Teachers will be given training on how to deal with tragic and critical incidents in their communities.
Minister for Education Richard Bruton has announced that every post-primary school teacher in Ireland is to receive special training on how to deal with student deaths by suicide, as well as other tragic incidents.
Minister Bruton said:
"I am keen to put as many safeguards as possible in place in our schools, to ensure we help our most vulnerable students. Unfortunately, while we put a big emphasis on preventative measures in our schools – such as the work we are doing on our Junior Cycle Wellbeing programme, it is sometimes necessary for a school to respond to a critical incident.
"Coping with the aftermath of critical incidents has become a challenging but necessary task for a number of schools in recent years. The training that we are announcing today, will ensure all schools are prepared to respond to such an incident.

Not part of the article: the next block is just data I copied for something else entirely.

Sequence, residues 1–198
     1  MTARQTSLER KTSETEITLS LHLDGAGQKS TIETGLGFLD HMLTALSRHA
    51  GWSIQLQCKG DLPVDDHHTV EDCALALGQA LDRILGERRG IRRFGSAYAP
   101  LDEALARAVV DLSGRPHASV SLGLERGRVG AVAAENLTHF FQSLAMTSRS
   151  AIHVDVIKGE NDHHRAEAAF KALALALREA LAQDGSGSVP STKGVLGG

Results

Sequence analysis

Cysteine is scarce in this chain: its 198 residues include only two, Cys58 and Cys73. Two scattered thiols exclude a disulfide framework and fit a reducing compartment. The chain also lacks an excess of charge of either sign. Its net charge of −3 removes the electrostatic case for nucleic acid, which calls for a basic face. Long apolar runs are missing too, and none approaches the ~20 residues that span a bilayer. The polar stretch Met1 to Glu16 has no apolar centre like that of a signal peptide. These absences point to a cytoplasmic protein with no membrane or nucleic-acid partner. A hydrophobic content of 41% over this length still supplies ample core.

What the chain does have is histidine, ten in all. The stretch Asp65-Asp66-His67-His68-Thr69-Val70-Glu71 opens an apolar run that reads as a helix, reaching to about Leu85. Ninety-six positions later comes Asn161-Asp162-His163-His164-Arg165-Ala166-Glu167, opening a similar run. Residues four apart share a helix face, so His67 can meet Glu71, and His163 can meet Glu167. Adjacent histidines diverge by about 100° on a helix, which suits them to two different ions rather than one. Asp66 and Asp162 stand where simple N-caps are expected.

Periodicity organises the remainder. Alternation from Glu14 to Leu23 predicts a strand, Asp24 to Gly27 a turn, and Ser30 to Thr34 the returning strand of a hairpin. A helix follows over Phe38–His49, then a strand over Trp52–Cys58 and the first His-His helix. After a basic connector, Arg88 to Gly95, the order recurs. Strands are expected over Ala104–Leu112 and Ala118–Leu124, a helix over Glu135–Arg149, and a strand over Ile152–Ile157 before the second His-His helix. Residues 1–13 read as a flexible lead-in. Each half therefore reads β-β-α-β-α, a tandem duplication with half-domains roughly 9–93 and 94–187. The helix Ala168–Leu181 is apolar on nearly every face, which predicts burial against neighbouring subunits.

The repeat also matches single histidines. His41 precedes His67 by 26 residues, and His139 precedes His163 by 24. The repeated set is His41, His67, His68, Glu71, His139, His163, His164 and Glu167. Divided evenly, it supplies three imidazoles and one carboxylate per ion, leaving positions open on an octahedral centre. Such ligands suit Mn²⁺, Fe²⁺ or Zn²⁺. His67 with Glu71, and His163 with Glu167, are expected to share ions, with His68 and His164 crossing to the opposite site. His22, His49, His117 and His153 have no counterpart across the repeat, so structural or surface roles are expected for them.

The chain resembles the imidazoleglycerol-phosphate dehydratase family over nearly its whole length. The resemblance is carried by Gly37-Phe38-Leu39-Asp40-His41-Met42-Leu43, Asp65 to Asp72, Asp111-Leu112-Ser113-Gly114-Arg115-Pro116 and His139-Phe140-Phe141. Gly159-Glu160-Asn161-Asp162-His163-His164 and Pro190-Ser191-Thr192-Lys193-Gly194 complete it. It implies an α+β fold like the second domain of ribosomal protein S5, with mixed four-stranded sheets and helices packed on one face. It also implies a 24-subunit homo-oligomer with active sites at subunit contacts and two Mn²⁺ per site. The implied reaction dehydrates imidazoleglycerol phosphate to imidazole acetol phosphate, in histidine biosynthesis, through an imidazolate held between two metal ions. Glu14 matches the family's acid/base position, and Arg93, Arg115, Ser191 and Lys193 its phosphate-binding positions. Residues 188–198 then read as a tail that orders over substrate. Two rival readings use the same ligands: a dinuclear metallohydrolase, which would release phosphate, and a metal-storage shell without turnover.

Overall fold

"SafeTALK is an internationally recognised programme that can help teachers address the topic of suicide in a safe way. This is such an important conversation to have and I’m glad to be significantly expanding the availability of this training.
"Finally, I’d just like to extend my utmost sympathies and indeed admiration to all the schools and families who have shown wonderful strength, compassion and resilience at times of tragedy. I acknowledge the invaluable experience, competence and skills that teachers already have in dealing with children and young people in times of distress."
As per Merrion Street:
A critical incident is defined as an incident or series of events that overwhelms the normal coping mechanism of the school, for example, a suicide or a road traffic accident involving a member of the school community.
Training on responding to critical incidents will be delivered by the National Educational Psychological Service (NEPS) and teachers in all post-primary schools in the country will have the opportunity to take part in the training over the next two years.